Offering a selection of ready-made solutions on the clearest emerging risks is far more likely to drive action, because it reduces the decision-making burden on leaders. We can all understand that it’s often easier to respond to a question with a list of answers than an open-ended one.
Communicating the urgency of action is also important because, in reality, executives are often genuinely concerned about emerging risks – especially so amid some very public failures by other organizations. To this end, 77 percent of risk management leaders feel pressure from their executives to do more on emerging risks. They often fail, however, to drive executive action in this area.
The tendency that we see is that describing a problem in ever more detail or with more alarming predictions regularly results in paralysis. In fact, our survey suggests that such an approach is likely to make a change in approach just 3 percent more likely, whereas the figure for a solutions option approach is 67 percent.
This is a very stark difference that is likely to make a material impact to an organization’s bottom line if it mitigates a serious risk more effectively.
Risk management leaders should, therefore, present the board with solutions to emerging risks that may only show small impacts now. They should focus on small actions with immediate benefits to effectively put action on a plate for leaders. With this approach, it’s harder to say, “not now” to everything, whereas predictions about the future often seem like something to revisit later or discuss rather than act on.
Determining which emerging risks require action can be challenging. Traditional risk assessment criteria evaluate likelihood and impact. These criteria are nearly impossible to assess for a risk with an uncertain trajectory, leaving risk management leaders uncertain of which risks to focus on. Instead, risk management leaders should assess the organization’s ability to respond to a risk. By applying new criteria to existing sources of risk information, risk management leaders can determine which emerging risks are most ripe for action.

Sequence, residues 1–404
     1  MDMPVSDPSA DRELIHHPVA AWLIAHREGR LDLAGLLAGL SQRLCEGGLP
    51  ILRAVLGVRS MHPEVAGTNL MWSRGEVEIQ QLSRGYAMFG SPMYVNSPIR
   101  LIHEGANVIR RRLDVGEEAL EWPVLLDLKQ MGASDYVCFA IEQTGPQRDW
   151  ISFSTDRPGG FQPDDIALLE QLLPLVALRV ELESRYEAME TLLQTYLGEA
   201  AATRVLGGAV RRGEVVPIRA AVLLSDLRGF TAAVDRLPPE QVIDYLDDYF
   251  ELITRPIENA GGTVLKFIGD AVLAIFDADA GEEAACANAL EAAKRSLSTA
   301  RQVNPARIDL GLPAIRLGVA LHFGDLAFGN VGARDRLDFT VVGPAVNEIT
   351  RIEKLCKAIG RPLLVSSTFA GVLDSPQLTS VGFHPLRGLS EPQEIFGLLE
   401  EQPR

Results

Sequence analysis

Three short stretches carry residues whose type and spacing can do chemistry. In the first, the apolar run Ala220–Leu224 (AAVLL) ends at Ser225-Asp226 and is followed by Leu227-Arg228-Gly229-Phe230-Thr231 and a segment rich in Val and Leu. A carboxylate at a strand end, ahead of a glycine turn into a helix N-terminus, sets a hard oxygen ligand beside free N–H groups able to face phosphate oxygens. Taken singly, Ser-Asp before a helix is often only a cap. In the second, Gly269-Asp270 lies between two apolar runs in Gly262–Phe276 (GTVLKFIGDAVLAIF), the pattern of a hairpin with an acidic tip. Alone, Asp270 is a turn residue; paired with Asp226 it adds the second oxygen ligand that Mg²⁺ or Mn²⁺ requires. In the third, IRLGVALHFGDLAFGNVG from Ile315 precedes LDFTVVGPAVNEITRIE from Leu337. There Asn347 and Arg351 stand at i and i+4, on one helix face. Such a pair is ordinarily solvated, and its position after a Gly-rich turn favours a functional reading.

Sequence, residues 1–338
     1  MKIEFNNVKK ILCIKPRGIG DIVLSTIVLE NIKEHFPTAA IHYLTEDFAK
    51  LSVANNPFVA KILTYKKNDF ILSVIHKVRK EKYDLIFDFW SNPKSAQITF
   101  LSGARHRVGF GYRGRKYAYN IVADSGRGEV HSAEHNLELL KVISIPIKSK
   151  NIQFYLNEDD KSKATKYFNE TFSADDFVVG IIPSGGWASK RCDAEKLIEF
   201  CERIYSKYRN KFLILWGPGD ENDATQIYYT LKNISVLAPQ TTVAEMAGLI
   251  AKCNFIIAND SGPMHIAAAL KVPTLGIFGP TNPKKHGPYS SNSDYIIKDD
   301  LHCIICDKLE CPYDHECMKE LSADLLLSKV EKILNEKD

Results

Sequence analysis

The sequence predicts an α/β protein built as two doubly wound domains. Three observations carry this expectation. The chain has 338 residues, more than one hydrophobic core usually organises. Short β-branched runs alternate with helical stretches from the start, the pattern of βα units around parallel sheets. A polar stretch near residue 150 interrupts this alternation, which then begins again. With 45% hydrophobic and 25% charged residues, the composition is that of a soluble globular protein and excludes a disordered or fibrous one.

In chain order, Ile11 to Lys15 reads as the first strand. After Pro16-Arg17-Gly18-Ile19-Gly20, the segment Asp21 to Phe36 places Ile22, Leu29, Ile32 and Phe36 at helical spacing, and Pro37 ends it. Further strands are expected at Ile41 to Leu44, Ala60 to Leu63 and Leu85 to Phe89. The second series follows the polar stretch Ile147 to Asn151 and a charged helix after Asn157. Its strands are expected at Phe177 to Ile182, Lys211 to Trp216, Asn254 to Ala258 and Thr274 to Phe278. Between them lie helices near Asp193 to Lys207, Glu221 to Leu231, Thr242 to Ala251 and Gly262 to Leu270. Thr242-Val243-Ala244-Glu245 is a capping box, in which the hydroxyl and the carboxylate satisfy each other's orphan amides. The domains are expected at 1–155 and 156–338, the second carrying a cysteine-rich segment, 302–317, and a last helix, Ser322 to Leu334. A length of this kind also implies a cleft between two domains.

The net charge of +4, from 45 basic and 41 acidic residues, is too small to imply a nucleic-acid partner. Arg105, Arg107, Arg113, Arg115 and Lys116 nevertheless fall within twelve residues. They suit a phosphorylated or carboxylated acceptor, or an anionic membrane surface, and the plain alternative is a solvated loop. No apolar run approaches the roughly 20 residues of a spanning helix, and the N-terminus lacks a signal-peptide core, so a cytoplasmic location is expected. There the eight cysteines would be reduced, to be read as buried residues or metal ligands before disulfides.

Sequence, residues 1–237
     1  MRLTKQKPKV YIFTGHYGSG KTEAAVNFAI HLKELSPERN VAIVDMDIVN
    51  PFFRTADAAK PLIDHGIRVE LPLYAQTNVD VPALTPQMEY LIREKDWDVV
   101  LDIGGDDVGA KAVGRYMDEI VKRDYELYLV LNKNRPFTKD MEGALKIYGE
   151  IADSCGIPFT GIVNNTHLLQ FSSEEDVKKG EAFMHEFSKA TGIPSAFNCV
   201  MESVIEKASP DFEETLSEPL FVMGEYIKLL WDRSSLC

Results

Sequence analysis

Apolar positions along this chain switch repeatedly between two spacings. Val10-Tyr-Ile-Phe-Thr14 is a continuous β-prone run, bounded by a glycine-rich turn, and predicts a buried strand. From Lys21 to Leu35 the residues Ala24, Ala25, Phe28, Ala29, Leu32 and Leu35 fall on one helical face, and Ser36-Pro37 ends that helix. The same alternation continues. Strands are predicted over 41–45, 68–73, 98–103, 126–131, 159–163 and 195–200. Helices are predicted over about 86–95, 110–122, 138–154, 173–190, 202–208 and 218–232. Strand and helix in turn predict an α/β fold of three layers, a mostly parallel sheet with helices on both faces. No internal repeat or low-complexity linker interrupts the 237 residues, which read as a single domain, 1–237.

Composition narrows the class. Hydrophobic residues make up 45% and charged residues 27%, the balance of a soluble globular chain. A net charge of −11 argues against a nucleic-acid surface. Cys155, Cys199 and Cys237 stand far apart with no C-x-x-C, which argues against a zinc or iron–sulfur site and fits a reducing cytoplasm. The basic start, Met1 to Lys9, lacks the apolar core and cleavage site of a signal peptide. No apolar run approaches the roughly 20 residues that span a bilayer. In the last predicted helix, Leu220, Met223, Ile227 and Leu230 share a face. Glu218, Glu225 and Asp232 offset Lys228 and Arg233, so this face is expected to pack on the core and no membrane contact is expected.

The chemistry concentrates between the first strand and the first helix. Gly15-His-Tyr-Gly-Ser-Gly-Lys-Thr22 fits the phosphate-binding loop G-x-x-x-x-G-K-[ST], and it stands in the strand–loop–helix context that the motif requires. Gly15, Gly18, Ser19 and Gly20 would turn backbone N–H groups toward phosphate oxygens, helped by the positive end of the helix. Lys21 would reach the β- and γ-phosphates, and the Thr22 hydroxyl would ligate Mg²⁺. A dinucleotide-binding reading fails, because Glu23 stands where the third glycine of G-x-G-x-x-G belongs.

Risk management professionals are far more likely to reach the threshold of executive action if they ask for smaller actions; moreover, they may find that their current level of understanding of a risk is already sufficient to take small steps. This negates a requirement for more information before taking action on risk, driving a faster response.
Once an executive is committed to taking action on a risk, they are more likely to endorse further actions. Bolster this approach by informing rather than challenging the organization’s plans. Conversations that challenge plans tend to undermine executive confidence, potentially resulting in a haphazard approach.
Instead, seek to have conversations on risk that inform, not challenge, the organization’s plans. Build agreement on the risk’s impact and likelihood. This approach increases executive urgency to address enterprise risk exposure.
In summary, risk management leaders should detect a subset of emerging risks that are ripe for action and work with executives and the business to identify low-cost actions that address them. Try to do this by taking executives on a different learning journey, more focused on solution options than the traditional risk presentation.